The Point of Receiving
July 16th, 2015
I’m sure you’ve all encountered a relationship situation where your person has finally owned up to his/her wrongs and apologized. It may even have been quite humble and very heart-centered; however, you simply were not at the point of receiving because the pain inflicted needed to run its course in order for you to be open to your person’s apology.
Just because someone finally sees his/her error, doesn’t always mean we have reached the point of returning to center. What mostly determines this is how often the offense has been committed and what came from the previous times. When we are repeatedly faced with the same disrespect or lack of compassion, care or respect, it can get more difficult to return to status quo because our limits are being reached and our patience is running out.
It’s important for both parties to know that sometimes the “offended” might need a minute. Not only is the “offender” learning in this situation, but the “offended” is learning too. Spiritual growth often takes processing time. All situations are designed for us to grow and learn from. What that looks like from person to person and situation to situation can vary greatly. Our job as an empowered (worthy) person is to take the time needed to feel our way through while staying connected to Source so we can come out of the situation better for having experienced it.
Relationships are so important and so incredibly relevant on our spiritual path of evolution. They are designed to show us ourselves. If we did not have them, we wouldn’t have the mirror so needed to reflect back our ways – good and not-so-good. How we handle and transcend what comes about is paramount to our personal growth, future empowerment and success of our relationships.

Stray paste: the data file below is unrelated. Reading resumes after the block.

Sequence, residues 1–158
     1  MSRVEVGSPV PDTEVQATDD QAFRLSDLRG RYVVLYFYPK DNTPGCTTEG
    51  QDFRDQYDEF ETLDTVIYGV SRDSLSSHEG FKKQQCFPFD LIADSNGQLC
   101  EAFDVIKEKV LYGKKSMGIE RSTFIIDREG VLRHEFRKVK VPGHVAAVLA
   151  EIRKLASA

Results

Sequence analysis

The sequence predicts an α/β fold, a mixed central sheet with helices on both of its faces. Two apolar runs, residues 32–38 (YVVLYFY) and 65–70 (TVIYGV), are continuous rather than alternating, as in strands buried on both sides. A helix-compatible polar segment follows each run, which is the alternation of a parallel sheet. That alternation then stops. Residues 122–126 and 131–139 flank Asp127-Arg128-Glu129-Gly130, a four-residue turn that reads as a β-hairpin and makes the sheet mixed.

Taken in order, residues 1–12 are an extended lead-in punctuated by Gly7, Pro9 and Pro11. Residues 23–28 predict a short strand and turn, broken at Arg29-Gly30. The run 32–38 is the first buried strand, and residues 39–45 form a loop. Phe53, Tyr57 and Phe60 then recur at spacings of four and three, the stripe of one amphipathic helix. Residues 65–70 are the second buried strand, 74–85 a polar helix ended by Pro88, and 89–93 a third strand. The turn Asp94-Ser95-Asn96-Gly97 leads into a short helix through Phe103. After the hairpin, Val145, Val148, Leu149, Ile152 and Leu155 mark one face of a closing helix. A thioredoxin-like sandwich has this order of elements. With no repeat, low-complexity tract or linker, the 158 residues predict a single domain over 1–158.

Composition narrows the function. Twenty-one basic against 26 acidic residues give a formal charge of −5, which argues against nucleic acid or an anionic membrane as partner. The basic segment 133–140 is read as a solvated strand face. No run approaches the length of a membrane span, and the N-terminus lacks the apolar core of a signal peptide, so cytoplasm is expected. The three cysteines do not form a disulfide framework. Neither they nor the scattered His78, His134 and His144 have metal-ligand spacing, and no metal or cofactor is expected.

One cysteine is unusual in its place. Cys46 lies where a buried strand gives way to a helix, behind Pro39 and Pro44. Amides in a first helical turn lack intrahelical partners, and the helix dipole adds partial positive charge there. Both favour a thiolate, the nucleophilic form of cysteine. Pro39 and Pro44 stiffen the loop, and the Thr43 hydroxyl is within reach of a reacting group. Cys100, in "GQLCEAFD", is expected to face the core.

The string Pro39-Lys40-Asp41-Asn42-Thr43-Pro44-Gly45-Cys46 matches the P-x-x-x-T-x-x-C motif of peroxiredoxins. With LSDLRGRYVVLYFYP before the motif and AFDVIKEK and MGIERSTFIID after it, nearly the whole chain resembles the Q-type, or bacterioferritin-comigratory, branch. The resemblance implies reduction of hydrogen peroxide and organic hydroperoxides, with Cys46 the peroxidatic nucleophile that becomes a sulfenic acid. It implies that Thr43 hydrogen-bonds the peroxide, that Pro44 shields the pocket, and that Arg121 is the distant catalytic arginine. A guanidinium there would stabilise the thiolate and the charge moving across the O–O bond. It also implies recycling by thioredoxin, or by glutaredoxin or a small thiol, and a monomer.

I’m not saying we have permission to hold grudges and stand in stubborn attitude.
I’m saying that giving yourself permission to return to center organically through process and connection is okay. This is about honoring your sacred self. If you are still hurting and can’t quite seem to meet your person at their apology (yet), you are only doing what is necessary to heal and return to the relationship whole. Returning as “half” isn’t going to cut it in the long-term. It would be like taking a short-cut that leads you in a circle.
With a deep understanding of this process by both parties, relationships can overcome some serious disconnection.
It’s all about respect and compassion for where your person is at.
I’m always so inspired and humbled when another accounts for his/her wrong doings. I see the Spirit in my beloved seeking higher, wanting more and desiring to overcome his/her fears and choosing differently next time. And even still sometimes it takes me a bit to process through my own emotions regarding the situation. The same goes when it’s the other way around. If I have offended and owned, I allow my person to return to his/her center on their own time as well. I do my best to give them the space and time needed to work through the emotion all the while trusting in the love between us.
Relationship offenses happen. They just happen. It does not mean our person is beyond redemption (nor are we), nor does it mean the world is going to end. It means we have come together in this relationship/situation as a means to evolve our sacred self to a higher level.
Standing in complete self-worth during these historic moments is a prime way to show our person that we love ourselves enough to not condone someone who does not honor us. When we are strong enough to say “enough”, we open the door for our beloveds to see their own darkness, their own fears and their own disconnection from Source as well.
A truly humble person standing in full responsibility understands this. He/she knows that trust was broken, pain was inflicted and time is needed. If your person attempts to manipulate or bully you into instant acceptance, there is most likely an alternate motive behind his/her apology. If this is true, it’s not your job to make him/her take ownership. It’s your job to stand in your self-worth and take care of you first no matter what. Your well-being is your responsibility and by making good choices rooted in your worth, most often your beloveds will see their error and make their amends.